Gareth’s and my search for an ideal wedding site found us at a woodsy site in New Hampshire last Sunday, enroute to Boston from Vermont. Because the place we were visiting sees relatively little action in the winter, both we and our tour guide were surprised to find that ANOTHER party had already made the rounds of the place earlier in the day. Their group, though, had made a very different impression on the place: a three-toed impression, to be more precise.
If I’d thought to put down a quarter or something to indicate scale you’d see that what appears above are the footprints of a rather large bird. At first glance we saw only one line of tracks and thought, maybe they’d been made by a heron. But no. Once we saw many, many more sets of tracks we realized that "heron" was probably not the answer to our "What left those tracks?" question. After all, when was the last time you saw herons traveling in flocks like this?
No, it appeared that there had been a rather large congregation of birds in this place, AND that they had walked approximately the same path we were walking, on rather large feet. You can see Gareth’s rather’s large feet (and tracks) in the photo below, which might allow you to make some comparisons.
Our final guess as to the species that left these marks? Wild turkeys. (If you were thinking geese, note that the feet leaving these tracks weren’t webbed.) I later verified our suspicions using what? A children’s book, OF COURSE. (It is true, though, that you can easily find photos of turkey or heron tracks online too.)
As luck would have it, THIS is the year to spot unfamiliar animal tracks and use a children’s book to help you determine their origins. There are at least three books on animal tracks that have come out this year. All three of them are good, and two of them include the tracks of a turkey (just in case you were wondering).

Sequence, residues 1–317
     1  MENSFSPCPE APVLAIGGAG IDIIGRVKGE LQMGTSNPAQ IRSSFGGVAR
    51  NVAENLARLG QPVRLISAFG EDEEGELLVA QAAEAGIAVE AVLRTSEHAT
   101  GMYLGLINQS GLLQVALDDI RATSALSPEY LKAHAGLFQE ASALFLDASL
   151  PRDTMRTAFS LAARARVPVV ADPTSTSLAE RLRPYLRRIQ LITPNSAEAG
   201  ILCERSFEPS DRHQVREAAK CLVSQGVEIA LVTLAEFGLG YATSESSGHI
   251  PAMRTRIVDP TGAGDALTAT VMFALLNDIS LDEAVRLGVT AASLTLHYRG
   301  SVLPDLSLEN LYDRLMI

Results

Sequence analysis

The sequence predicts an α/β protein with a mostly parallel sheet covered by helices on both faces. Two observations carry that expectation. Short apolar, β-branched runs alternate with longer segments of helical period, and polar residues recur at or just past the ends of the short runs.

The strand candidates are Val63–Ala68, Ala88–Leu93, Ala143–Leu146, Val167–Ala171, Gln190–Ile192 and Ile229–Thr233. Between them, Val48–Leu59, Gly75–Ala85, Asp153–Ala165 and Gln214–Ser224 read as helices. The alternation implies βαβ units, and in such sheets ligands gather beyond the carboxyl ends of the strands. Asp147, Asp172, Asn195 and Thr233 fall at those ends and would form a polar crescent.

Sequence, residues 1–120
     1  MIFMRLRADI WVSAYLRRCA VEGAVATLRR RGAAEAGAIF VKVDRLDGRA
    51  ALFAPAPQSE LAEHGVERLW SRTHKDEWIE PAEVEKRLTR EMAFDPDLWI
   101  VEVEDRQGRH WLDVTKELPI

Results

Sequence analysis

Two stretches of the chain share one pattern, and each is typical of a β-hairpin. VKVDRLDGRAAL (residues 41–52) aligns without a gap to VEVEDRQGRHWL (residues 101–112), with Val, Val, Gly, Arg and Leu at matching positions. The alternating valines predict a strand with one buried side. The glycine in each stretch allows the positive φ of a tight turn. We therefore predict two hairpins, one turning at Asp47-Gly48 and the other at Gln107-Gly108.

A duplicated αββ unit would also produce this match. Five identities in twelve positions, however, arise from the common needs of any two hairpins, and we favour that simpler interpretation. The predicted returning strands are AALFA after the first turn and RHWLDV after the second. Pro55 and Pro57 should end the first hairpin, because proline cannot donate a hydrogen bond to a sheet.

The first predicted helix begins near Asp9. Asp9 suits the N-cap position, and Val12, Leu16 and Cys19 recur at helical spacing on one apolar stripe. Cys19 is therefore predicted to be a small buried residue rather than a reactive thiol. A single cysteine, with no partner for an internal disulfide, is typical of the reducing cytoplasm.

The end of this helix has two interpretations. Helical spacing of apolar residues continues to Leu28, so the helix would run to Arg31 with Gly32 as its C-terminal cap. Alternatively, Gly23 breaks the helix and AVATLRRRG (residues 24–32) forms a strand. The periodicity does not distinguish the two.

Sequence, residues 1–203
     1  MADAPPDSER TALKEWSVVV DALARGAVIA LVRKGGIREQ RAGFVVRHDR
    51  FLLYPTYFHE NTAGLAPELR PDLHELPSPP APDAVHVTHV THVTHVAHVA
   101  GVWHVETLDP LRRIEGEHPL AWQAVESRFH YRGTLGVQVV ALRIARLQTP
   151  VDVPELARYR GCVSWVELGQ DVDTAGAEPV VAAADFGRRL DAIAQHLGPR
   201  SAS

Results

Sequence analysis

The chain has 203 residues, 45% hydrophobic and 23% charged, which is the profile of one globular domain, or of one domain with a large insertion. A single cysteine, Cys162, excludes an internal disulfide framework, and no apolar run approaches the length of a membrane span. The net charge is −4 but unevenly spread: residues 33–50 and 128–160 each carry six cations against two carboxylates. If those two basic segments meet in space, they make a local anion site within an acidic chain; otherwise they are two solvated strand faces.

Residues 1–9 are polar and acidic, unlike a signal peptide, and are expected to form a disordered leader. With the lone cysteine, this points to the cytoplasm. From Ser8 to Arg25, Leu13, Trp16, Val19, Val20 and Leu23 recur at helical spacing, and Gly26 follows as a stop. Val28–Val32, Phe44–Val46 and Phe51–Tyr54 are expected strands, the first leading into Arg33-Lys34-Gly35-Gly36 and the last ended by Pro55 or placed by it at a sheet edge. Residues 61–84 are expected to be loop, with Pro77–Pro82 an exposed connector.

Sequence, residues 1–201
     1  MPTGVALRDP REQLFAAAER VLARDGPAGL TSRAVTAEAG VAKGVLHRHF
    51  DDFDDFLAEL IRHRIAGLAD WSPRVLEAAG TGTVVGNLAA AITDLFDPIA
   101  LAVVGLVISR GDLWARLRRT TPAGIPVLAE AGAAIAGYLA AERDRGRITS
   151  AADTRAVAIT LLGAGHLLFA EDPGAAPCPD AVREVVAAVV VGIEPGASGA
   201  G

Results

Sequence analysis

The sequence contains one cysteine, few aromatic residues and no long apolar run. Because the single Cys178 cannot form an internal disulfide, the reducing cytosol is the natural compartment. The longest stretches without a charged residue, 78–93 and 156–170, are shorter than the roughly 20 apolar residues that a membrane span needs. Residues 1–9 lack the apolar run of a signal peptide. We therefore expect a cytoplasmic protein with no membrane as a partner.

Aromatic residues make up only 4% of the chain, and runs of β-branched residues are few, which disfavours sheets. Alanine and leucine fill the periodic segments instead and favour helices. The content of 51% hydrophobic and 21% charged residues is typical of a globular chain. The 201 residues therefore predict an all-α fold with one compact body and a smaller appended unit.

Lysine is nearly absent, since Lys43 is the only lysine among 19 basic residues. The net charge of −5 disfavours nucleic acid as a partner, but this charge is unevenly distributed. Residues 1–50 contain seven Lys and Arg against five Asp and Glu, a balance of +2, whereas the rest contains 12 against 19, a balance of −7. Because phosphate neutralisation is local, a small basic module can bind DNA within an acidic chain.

My favorite of 2008’s available offerings is Jim Arnosky’s Wild Tracks! A Guide to Nature’s Footprints (Sterling, April 2008). This wonderful book actually includes life-size renditions of animal tracks on gatefold pages, so you can really get a sense of each animal’s size AND more easily compare the illustrations on the pages to the prints you find in your yard (or potential wedding site). Yes, this book includes the prints left by a turkey, in addition to those left by other birds, many reptiles, and a number of mammals, ranging in size from chipmunks to polar bears.
Who’s Been Here? A Tale in Tracks by Fran Hodkins, illustrated by Karel Hayes (Down East Books, October 2008) works for a younger audience than Jim Arnosky’s book, as it sets up a simple scenario in which three kids follow their Golden Retriever on a romp around the outskirts of town, noticing the tracks of other creatures along the way. This simple introduction to tracking would work for kids as young as preschool-age. And it will indeed introduce them to a turkey and its prints.
The most comprehensive of this year’s tracking book options is National Geographic’s Animal Tracks and Signs by Jinny Johnson. With 192 pages, this book introduces readers to the tracks and signs of over 400 different animals — in other words, it leaves a lot more than just footprints. It’s a bit less concise to use when, say, looking up the tracks of a turkey (which are NOT included in the book), but it’s the best of the options here when it comes to helping readers understand the variety of ways that animals make their marks on the environment — marks we can all find if we learn where and how to look for them.
I plan to brush up before our NEXT visit to a would-be wedding site!